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Knowso: Rare Auld Trip / Psychological Garden 12"

Knowso: Rare Auld Trip / Psychological Garden 12"

Tags: · 20s · cleveland · garage · hcpmf · melodic · punk · recommended
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All caught up with last August’s blast of herky-jerky darkness from Knowso? Don’t get too comfy, now - nine months later, they’re back with another eight hits of visceral smarts and discombobulating fury. Sounding, as ever, like Big Black firing pellets of snot at their Cleveland forebears Devo, ‘Rare Auld Trip/Psychological Garden’ finds them picking up where they left off with ‘Specialtronics Green Vision’. This being the best part of a year on from that excellent debut, though, they sound wiser, snarkier and more pissed off than ever before - good news all round, then.

Opener ‘Boredom In The Valley’ reintroduces their signature tricks but feels more focused; a sub-two minute blast of staggered beats powered by the gnarliest-sounding bass this side of Bob Weston, and a disaffected vocal styling that you’d be tempted to call nihilist if you couldn’t sense the number of fucks given beneath the impassive facade. They pick up the pace with ‘Staring At The Spiral’, which almost sounds like the Buzzcocks unravelling at the seams while a Vogon watches on, before crashing into the smash’n’grab antics of ‘The Plants’ - one of the record’s clear highlights and a frantic, dizzying trip. Along the way are enough bon mots and smartarse quips too make you wonder if they’re taking this as seriously as they should. Let’s not spoil the highlights in advance, but if you’re already on board with Knowso, you’ll know they’re simultaneously utterly hilarious and unquestionably, deadly serious.

‘I could never be friends with a fucker such as you,’ they snarl disgustedly on another of the record’s instant classics, but by this point you’ll already have given your heart over to this most delirious of post-punk/noise-rock hybrids. As the closing cacophony of voices on ‘4th Wonder’ will no doubt drive into your brain with overwhelming force, ‘Rare Auld Trip/Psychological Garden’ (you pays your money and you takes your choice with the title, presumably) is not to be missed.
Will Fitzpatrick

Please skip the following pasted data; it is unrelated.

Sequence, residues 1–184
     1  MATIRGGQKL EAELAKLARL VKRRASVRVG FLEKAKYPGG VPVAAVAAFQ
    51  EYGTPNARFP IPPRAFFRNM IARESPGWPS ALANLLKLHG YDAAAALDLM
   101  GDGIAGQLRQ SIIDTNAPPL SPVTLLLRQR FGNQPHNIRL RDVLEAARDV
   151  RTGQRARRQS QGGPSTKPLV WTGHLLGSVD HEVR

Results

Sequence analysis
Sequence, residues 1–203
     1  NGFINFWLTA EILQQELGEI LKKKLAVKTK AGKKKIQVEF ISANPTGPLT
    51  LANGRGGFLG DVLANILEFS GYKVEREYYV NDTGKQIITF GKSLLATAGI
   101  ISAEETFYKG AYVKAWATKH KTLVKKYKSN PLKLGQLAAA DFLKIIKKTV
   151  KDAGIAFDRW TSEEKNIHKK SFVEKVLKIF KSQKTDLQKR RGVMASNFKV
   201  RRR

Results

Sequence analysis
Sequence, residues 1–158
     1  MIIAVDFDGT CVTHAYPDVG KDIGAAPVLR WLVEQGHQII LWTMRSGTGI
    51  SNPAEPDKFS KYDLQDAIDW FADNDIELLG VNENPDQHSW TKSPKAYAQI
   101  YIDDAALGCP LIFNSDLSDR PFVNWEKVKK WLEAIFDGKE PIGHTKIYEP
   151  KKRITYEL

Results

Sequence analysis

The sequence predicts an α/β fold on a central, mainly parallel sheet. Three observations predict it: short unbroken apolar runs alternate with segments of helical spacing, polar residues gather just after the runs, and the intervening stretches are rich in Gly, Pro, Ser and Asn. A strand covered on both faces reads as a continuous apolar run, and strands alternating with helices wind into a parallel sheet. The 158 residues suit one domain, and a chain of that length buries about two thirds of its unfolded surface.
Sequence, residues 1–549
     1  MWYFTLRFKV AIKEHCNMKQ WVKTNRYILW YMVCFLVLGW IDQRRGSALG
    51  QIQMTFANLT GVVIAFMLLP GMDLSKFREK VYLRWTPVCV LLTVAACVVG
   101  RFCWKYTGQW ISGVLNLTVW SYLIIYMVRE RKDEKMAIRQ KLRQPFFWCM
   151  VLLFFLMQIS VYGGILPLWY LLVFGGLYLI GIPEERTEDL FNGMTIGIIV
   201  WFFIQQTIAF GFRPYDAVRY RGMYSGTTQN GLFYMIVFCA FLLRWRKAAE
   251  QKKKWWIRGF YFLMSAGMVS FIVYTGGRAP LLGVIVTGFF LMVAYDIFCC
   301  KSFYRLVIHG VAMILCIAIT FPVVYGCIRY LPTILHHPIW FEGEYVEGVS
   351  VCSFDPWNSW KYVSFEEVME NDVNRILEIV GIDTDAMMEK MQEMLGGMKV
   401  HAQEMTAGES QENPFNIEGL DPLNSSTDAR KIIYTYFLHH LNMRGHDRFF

Our take: I feel like I never hear people talking about them, but for me Cleveland’s Knowso is one of the most distinctive and exciting punk bands currently putting out music. Maybe they haven’t caught on because it’s easy to get into the weeds thinking / talking / writing about everything surrounding their music. (Like, for instance, that there are at least three bands—Knowso, Cruelster, and Perverts Again—that share members and sound very similar, or that all of Knowso’s releases feature distinctive artwork from cartoonist Nathan Ward, who seems to be the band’s driving force, handling bass, guitar, and vocals.) However, when I put all of that shit aside, when I just put on this record and listen to it, I am fucking blown away every time. While I’m not 100% confident in my ability to distinguish Knowso, Cruelster, and Perverts Again in a blind taste taste, the sound here is instantly identifiable and utterly distinctive. Just like when you see a red Coke can and you know what it is no matter what language or script “Coca-Cola” is written in, once you hear this nervous, jittery punk with the paranoid-sounding, speak-sung vocals, you know you have landed squarely in this different universe (via Cleveland). And not only is the sound distinctive, it’s fucking great. The rhythms are so precise, creative, and memorable, similar to what bands like Lithics or Fitness Womxn are doing but much tighter, faster, and more confrontational. The riffs are also outstanding, and Knowso has great two-guitar dynamics, something I’m always a sucker for. All of that would make for an excellent band or record, but what pushes Knowso over the top for me are the lyrics. I’ve trained myself to ignore bland and even bad lyrics, but that is not a problem here. Actually, these lyrics are so great that I’m happy to sit and read the lyric sheet without putting the record on. I love lyrics (and other types of word art) that present you with a potent image and just sort of leave it there for you to roll around in your brain. (I’m reminded of an interview with Ian Mackaye where he pointed out the line “the milk bottles stand empty” in Wire’s song “Ex-Lion Tamer,” noting how that image said so little but so much at the same time.) Here are some of my favorite cryptic bits of wisdom: from “Turning Planet,” “Turning planet / I see you spin / a hundred miles in my shoes;” from “Boredom in the Valley,” “Old neighbor in the night car / Gotta sloppy gait when he walk to the car / Two way radio no signal / Ke8dyv.” I love those more cryptic lines, but it’s not just free jazz word salad. “You Lick the Boot” engages with the whole BLM / Defund the Police conversation, while “The Plants” is the environmentalist anthem only Knowso could write. Long story short, the eight songs on this record are modern punk masterpieces. Maybe they’re too weird for you, but they’re everything I want from punk. All hail Knowso.